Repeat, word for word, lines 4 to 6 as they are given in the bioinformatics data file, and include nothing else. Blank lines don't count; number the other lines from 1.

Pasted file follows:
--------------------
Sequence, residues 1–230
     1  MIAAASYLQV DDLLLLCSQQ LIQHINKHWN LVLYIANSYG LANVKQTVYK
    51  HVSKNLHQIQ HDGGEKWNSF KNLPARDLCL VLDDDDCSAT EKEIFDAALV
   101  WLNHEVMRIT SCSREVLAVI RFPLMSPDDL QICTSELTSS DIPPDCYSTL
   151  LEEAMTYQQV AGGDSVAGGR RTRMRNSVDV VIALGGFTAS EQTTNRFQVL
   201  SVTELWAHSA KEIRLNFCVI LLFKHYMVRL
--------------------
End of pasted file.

   101  WLNHEVMRIT SCSREVLAVI RFPLMSPDDL QICTSELTSS DIPPDCYSTL
   151  LEEAMTYQQV AGGDSVAGGR RTRMRNSVDV VIALGGFTAS EQTTNRFQVL
   201  SVTELWAHSA KEIRLNFCVI LLFKHYMVRL